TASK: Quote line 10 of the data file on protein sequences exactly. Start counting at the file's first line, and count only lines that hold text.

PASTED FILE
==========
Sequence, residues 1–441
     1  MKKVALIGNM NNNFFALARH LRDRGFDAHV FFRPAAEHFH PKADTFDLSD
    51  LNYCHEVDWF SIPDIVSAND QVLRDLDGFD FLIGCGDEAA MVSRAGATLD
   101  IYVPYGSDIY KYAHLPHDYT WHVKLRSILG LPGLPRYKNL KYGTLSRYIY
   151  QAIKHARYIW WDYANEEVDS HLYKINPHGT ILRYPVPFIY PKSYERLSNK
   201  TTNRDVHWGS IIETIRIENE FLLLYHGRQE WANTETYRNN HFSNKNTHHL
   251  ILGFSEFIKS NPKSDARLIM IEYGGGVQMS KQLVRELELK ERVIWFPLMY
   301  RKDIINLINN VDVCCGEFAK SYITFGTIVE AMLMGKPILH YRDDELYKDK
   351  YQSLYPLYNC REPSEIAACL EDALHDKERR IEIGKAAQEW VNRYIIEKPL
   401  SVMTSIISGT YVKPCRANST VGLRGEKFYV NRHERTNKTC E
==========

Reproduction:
   401  SVMTSIISGT YVKPCRANST VGLRGEKFYV NRHERTNKTC E